- Communicate feelings with your spouse/partner; try to comfort each other.
- Be prepared that the atmosphere in the rehabilitation hospital will be more subdued than in the ICU.
- Find out where the resource room or library is and where you can get Internet access to learn more about traumatic brain injury.
- Be prepared to see very disabled children, wheelchairs, walkers, etc.
- Understand medical terminology such as catatonic, vegetative state, etc.
- Know that your child may need to share a room with another patient; ask for a patient in the same age range and sex of your child.
- Have one parent stay in the hospital, while the other is at home with the other children.
- Set a time of day when you can connect with your spouse/partner by phone or e-mail.
- Bring in items from home: I-pod, radio, clothes, posters, pictures, diary, pillows, etc.
- Call home to talk to your other children; answer their questions as best you can according to their age level of understanding.
- Rest when you can.
- Get ready to fight the fight of your life.
- Write down the names of all therapies and the names of all therapists, nurses, and doctors.
- Know the names of the medications your child is now on and when they need to be administered. Advocate for your child when the nurses are late in administering drugs or changing the bed or undergarments.
- Ask where the cafeteria is. Are coupons provided for parking or meals?
- Talk to a financial advisor at the hospital and find out about resources they provide.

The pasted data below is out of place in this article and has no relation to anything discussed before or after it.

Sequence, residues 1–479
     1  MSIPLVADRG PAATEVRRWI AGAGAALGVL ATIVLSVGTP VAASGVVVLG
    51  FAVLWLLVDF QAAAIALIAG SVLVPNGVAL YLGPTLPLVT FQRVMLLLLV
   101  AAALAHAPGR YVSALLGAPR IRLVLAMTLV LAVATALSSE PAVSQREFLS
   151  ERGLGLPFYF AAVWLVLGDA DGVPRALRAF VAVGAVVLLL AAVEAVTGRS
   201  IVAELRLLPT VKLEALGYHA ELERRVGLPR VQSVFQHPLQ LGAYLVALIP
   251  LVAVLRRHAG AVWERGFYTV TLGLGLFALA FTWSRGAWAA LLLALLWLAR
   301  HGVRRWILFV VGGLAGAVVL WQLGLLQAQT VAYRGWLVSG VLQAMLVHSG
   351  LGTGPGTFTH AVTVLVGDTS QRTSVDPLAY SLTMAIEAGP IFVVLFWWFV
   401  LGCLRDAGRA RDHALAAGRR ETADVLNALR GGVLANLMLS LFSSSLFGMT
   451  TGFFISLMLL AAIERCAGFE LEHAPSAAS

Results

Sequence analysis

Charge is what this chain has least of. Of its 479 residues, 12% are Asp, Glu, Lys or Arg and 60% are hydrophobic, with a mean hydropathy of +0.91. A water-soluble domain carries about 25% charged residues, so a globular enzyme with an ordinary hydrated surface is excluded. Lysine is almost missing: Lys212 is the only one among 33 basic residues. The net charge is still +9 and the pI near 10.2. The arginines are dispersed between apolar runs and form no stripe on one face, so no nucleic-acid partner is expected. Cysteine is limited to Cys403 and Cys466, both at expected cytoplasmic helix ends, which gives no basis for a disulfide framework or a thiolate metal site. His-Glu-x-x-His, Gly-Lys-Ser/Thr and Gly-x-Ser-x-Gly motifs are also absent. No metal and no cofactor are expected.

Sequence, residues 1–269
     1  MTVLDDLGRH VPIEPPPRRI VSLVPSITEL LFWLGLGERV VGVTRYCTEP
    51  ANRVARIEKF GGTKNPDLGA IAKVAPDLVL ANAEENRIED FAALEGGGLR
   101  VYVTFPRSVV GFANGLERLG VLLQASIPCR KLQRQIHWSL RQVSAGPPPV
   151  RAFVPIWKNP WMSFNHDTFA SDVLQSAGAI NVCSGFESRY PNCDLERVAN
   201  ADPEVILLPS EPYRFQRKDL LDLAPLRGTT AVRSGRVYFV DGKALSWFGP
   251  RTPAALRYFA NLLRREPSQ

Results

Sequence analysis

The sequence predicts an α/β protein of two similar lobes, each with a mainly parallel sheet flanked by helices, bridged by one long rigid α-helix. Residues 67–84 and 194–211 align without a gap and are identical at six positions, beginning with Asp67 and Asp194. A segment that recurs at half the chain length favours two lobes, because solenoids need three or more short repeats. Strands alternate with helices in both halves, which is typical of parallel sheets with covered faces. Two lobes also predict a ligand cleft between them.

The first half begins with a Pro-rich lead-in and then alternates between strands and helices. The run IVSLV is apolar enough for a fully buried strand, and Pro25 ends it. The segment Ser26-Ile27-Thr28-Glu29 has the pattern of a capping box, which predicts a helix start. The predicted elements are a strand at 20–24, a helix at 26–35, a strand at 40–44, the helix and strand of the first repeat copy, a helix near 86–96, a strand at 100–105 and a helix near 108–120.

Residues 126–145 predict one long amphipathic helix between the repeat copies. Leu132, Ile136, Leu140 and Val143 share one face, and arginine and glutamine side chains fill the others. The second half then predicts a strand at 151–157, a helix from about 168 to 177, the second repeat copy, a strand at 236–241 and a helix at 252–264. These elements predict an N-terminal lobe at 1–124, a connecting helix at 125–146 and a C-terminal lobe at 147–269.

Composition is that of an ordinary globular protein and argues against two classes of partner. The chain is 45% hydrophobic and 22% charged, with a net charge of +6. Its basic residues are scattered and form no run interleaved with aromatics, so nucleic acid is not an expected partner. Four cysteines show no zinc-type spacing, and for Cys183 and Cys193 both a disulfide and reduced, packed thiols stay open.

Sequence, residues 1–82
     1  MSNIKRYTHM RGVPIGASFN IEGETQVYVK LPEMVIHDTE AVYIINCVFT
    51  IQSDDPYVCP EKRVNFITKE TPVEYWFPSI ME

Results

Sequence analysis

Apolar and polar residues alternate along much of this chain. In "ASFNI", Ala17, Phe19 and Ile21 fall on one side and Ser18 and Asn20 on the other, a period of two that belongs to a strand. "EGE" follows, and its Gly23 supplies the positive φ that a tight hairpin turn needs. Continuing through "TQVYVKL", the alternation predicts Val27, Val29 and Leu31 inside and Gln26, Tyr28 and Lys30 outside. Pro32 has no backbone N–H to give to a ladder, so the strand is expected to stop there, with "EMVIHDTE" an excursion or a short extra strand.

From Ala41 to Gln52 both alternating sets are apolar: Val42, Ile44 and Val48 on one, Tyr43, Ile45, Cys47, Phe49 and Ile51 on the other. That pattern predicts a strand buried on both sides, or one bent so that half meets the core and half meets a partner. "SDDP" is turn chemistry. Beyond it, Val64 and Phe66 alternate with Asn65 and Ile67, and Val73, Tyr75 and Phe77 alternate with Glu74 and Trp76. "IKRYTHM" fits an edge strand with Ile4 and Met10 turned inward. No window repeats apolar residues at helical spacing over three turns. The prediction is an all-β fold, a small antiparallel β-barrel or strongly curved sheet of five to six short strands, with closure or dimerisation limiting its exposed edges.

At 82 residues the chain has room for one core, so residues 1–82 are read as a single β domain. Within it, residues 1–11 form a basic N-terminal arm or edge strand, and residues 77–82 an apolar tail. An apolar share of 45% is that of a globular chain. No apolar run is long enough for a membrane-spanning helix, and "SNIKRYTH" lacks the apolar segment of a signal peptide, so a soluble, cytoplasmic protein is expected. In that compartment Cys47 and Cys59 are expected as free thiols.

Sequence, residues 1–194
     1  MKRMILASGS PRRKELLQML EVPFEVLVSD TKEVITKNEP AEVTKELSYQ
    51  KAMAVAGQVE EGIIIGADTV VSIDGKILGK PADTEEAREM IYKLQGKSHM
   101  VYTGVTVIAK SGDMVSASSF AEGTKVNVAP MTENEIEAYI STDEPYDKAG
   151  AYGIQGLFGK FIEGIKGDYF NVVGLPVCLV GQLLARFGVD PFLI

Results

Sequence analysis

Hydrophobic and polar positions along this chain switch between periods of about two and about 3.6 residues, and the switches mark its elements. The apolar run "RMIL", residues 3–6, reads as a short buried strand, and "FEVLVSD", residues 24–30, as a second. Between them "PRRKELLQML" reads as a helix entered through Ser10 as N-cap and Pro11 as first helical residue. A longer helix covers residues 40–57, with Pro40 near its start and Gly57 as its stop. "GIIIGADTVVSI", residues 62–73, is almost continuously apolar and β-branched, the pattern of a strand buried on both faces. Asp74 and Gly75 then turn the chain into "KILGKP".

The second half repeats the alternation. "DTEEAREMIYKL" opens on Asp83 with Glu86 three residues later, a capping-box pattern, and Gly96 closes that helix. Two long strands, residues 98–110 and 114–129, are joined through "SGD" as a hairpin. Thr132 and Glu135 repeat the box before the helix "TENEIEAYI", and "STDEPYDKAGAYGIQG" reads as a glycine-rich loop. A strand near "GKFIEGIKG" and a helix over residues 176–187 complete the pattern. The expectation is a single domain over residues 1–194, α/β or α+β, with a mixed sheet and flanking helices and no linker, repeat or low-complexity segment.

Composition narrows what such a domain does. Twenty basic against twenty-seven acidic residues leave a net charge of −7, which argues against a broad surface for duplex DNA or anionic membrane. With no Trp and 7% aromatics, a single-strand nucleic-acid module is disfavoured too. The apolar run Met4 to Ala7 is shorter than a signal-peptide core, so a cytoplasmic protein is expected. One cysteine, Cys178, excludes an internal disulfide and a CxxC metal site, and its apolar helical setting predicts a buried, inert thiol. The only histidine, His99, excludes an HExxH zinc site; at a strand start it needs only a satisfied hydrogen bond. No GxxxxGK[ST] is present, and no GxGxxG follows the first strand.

- Talk with a social worker about getting a case worker involved from your insurance company.
- Stay with your child or have another adult at the rehab hospital twenty-four hours a day.
- You may begin to realize that there might be long-term effects from the injury and begin to feel intense fear and anxiety.
- You may face the loss of what might have been.
Returning to Work
Make a realistic plan with your employer as to when to come back to work, possibly working part-time or from the hospital or home. For some, returning to work is a welcome change. It can create a break from what has been an ever-present grief. The office may be the only part of life that seems normal and routine. But for many who have experienced a recent loss or a traumatic experience, returning to work can be difficult. You may be dreading the thought of returning to work for several reasons:
- Not being at the hospital to help your injured child, or at home to help your spouse/partner and other children.
- Seeing coworkers for the first time exposes you to “I’m so sorry” comments, which continually reminds you of your situation. A gentle “thank you” is all the response that is necessary. You do not need to give any more information you do not wish to share.
- You may have a high-pressure job with many deadlines and little room for mistakes. You have probably noticed that it is difficult to concentrate and retain information in your grief. You may be easily distracted, and errors can occur. It is useful to check everything twice, or to ask a coworker or supervisor to review what you have done. If you choose, share with your coworkers or supervisors how difficult things seem at this time and when you need their help or space.
- You may worry about breaking down in front of colleagues or in the middle of an important meeting. This can happen, but save yourself embarrassment by briefly letting people know what has occurred in your life. If you need to excuse yourself, do so. Take as much time off as allowed and then some to regain control and some sort of stability…take small steps…it is “one day at a time.”
There is No Right or Wrong Way to Grieve
- Grief often comes in waves.
- Denial: “This can’t be happening to me.”
- Anger: “Why is this happening? Who is to blame?”
- Bargaining: “Make this not happen, and I in turn will ______.”
- Depression: “I am too sad to do anything, physically, emotionally, mentally, spiritually.”
- Acceptance: “I am at peace with what has happened and is going to happen.”